Have you been captivated by the evolution of patient-centric health? The broader scope of eHealth, mHealth, and digital health (in its beginning stages) is exciting to watch. However, the concept of a truly “plugged in” healthcare system is far from reality. Still, groups like the Center for Connected Health are pushing the industry forward.
These past few weeks, the WebPT elves have been hard at work getting ready for our December release. The WebPT Members on Santa’s “Nice” List (which is all of them) will see updates and enhancements in their stockings starting on December 17th. Included in this release are some security enhancements, wrist/hand enhancements, the addition of a patient intake form for those with our Front Office Package, prescription tracking, a Medicare compliance check, and additional referral types.
As with any web- or cloud-based system, data security is always a top concern. All of the best systems are highly encrypted. WebPT has a 256 bit secure socket layer (SSL) encryption. For all of the non-geeks out there, that just means that the data is protected as its transferred between servers.
What many users don’t realize is that they need to do their part to ensure the highest possible level of data security. Improve your password! That’s right. Its a seemingly simple part of logging in to do online banking or check your email. Maybe you don’t even think about it. Is your password too tough to crack?
PC Magazine just release the list of Top 25 Worst Passwords for 2011. If yours made the list, it might be time for a change. Some of the worst examples are “password” or “123456.” We were puzzled to find “monkey” and “iloveyou” on the list. Any password that is “guessable” about you is not safe such as your pet’s name or the names of family members. This isn’t meant to alarm anyone, it’s just precautionary. You never know what a nosy co-worker or low-level hacker may attempt.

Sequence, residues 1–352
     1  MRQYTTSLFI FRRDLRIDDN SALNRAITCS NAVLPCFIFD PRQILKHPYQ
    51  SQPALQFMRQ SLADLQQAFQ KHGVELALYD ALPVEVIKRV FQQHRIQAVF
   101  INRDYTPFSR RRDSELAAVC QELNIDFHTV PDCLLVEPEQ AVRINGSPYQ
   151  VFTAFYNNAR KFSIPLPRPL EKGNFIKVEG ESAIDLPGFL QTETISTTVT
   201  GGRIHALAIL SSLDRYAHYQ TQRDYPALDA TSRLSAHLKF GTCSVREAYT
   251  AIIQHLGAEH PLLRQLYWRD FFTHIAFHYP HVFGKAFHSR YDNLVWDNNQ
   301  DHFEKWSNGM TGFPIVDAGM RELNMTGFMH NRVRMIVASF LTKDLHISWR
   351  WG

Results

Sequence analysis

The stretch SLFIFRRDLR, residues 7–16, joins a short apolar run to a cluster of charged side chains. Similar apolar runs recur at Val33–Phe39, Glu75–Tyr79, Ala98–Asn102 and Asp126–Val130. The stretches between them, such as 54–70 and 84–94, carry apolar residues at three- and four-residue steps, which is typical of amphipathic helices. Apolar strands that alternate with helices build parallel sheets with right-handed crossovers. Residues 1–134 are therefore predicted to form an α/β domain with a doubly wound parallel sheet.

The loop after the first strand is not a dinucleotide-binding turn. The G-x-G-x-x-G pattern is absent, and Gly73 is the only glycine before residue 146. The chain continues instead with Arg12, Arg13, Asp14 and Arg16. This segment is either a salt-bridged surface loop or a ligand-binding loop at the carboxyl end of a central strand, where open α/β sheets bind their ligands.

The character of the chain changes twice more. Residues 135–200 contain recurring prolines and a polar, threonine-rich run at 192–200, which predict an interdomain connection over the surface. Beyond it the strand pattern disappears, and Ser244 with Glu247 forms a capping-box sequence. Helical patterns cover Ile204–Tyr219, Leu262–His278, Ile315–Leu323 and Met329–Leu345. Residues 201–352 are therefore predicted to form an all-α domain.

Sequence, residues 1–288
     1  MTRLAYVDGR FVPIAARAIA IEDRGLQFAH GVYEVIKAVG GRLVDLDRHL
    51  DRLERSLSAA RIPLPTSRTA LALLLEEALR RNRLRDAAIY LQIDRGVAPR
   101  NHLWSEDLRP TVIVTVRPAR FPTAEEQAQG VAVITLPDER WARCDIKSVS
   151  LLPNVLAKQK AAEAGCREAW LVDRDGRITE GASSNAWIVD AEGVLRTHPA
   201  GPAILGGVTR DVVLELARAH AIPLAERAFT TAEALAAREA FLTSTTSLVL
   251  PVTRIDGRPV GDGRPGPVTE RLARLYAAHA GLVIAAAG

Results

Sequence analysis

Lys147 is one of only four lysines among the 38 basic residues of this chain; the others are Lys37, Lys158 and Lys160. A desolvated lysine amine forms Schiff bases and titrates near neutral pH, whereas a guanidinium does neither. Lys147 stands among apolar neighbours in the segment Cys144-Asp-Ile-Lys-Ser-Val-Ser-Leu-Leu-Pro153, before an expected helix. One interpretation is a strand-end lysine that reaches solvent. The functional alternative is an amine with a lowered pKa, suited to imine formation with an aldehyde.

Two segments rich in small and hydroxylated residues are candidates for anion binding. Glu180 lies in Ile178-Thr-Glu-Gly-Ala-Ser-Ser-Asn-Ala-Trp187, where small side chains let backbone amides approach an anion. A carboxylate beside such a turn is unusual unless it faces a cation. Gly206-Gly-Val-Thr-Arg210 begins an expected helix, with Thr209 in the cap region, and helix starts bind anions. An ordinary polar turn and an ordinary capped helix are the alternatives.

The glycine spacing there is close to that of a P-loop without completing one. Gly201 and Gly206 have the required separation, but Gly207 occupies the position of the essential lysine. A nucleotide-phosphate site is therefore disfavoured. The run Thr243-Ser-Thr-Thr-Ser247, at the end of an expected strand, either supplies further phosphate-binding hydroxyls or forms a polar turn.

With several years of experience providing EMR software to Physical Therapists all over the country, we have heard a million different needs for a million different scenarios. One of the more surprising requests is the desire for a system that “does all the work for me.” We have thought a lot about this request and decided that it is rooted in education. EMR is the future of healthcare and with the future comes ideas of artificial intelligence and flying vehicles. We aren’t there yet, and I’m not sure EMR will ever get to that point.
Fits like a Glove? A recent article assessing the effect of EMR Implementation on clinical productivity came to a rather common sense solution. The evaluation found that “different tools work better in different settings and that one-size-fits-all is not a valid approach to EHR implementation.” This finding is predictable and holds true in almost all applications. The interesting part of this article is where the assessment goes next.
By now, everyone is aware of the financial incentives available for clinicians who switch to Electronic Medical Records. The incentives are supposed to help clinics offset their costs while they digitize their entire office, including getting rid of those awful filing cabinets.
Before too much excitement sets in, you should also be aware that while Rehab professionals (Occupational and Physical Therapists) are required to make the switch under the mandate, they are not eligible for the financial incentives. The reasons for this exclusion are confusing, but we will save that for another blog post.
The lack of funds for Physical Therapists highlights a big factor in all of this. The EMR system they choose to put in place must increase profits or save the clinic money. The system must add productivity and lower costs without having a large start up investment. Most Therapists don’t have a large capital reserve to put up $30,000 to $60,0000 to get up and running with a new system.